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    Re: Sun even nearer zenith
    From: Lu Abel
    Date: 2016 Sep 27, 19:43 +0000
    Re radar:  At a US Power Squadrons regional meeting last year we had as a speaker a gentleman who had participated in the single-handed race from San Francisco to Hawaii, once about a decade ago and then again just a couple of years ago.

    When asked about the most important upgrade he made to his boat between the first and second race, unhesitatingly replied "an active AIS system"  (for those unfamiliar, this is a system that broadcasts your position and identification via VHF, thereby alerting other nearby AIS-equipped vessels to your presence).  "The standard of watchkeeping on ships offshore has become so poor that they simply no longer keep a visual watch and only pay attention to their radars when it gives a 'nearby reflection' alarm; they rely almost entirely on AIS to warn them of nearby vessels, so God help you if you're a single hander in a fiberglass boat and don't have AIS."

    From: Rommel John Miller <NoReply_Miller@fer3.com>
    To: luabel{at}ymail.com
    Sent: Tuesday, September 27, 2016 12:13 PM
    Subject: [NavList] Re: Sun even nearer zenith

    That I think, is one of the newer USN littoral craft.  Virtually invisible by design to be detect radar wise.  However, as many sailboats today still have radar, I could see where chance adverse meeting in the night would be disastrous.  

    I would hope that since the Navy has far advanced radar they would see my tiny little West Sail floating in the middle of the ocean in the middle of the night.  

    USS Zumwalt was or is to me commissioned at Ft. McHenry sometime in October to match her launch date and fitting out.  http://usszumwalt.org/

    All the best and can anyone help me obtain #3195 a 42' Westsail Center cockpit at cbmm.org the Chesapeake Bay Maritime Museum in St. Michael's MD.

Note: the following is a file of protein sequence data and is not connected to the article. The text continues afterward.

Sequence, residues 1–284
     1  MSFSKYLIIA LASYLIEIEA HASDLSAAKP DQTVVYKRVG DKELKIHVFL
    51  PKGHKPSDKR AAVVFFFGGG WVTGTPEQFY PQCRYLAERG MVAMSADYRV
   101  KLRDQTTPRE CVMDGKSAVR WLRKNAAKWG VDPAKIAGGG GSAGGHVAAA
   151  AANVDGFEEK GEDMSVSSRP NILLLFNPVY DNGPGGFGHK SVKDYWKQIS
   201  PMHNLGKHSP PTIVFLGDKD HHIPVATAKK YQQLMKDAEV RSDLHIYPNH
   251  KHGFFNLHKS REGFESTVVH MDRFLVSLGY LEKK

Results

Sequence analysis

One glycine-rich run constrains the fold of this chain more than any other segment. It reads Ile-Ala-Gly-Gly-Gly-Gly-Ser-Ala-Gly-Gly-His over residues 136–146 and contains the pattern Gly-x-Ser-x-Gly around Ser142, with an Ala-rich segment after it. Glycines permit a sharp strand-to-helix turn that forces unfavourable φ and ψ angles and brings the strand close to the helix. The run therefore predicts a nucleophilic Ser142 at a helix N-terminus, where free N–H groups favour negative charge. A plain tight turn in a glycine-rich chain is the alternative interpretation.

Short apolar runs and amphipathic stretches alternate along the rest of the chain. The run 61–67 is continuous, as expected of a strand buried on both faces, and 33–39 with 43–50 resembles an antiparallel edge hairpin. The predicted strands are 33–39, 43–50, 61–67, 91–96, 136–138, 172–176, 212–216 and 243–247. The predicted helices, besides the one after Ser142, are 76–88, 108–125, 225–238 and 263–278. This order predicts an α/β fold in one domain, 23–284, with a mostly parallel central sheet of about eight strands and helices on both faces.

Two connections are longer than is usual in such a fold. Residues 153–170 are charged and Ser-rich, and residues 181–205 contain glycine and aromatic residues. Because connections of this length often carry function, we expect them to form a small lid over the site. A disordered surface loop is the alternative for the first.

Rommel John Miller
    8679 Island Pointe Drive
    Hebron, MD  21830 


    Rommel John Miller
    8679 Island Pointe Drive
    Hebron, MD  21830

    On Fri, Sep 23, 2016 at 9:53 PM, Frank Reed <NoReply_FrankReed@fer3.com> wrote:
    Stan K, you wrote:
    "I'm getting a stiff neck just thinking about these."
    Ha ha! Yeah, they're up there.
    While I'm thinking of it, some of you may have noticed that the latitude in Bob's image is displayed as 0° 00.002'. which might seem to imply that he wasn't quite on the equator. But convert that to feet. There's about 6000 feet per minute of arc of latitude (and also longitude for locations in the tropics), so 0.002' measures out to 12 feet. And you notice that the displayed accuracy of the GPS fix, as reported by the chipset within the phone, was also +/- 12 feet. The position is thus consistent with a location exactly on the equator. This would be the geodetic equator on the WGS84 datum. Astronomical latitude, such as we get from an altitude of the Sun, would differ by the amount of the local deflection of the vertical in the north-south direction which could easily amount to a few hundred feet on the ground.
    Frank Reed
    Conanicut Island USA
    PS: Today's fun with smartphone apps. There was a helluva loud noise south of the island here today.. sounded like a couple of helicopters doing a rescue or something. I looked on the MarineTraffic app and saw that there was no unusual activity except the pilot boat right at the entrance to the bay. To me that spelled "Yvan eht Nioj" because USN vessels don't normally show up on the AIS (sometimes, yes, but not normally) so I hopped in the car and went down to the cliffs. Sure enough, a big amphibious landing ship, which I later determined was the brand new USS John P. Murtha (scheduled for commissioning two weeks from now), was heading slowly out of Narragansett Bay and an Osprey tilt-rotor was landing on her deck, probably to impress some participants in the Seapower conference which was being held in Newport. I stayed long enough to see the Osprey take off and transition to level flight, which was fun. The smartphone also took the photos, of course. Here's one:

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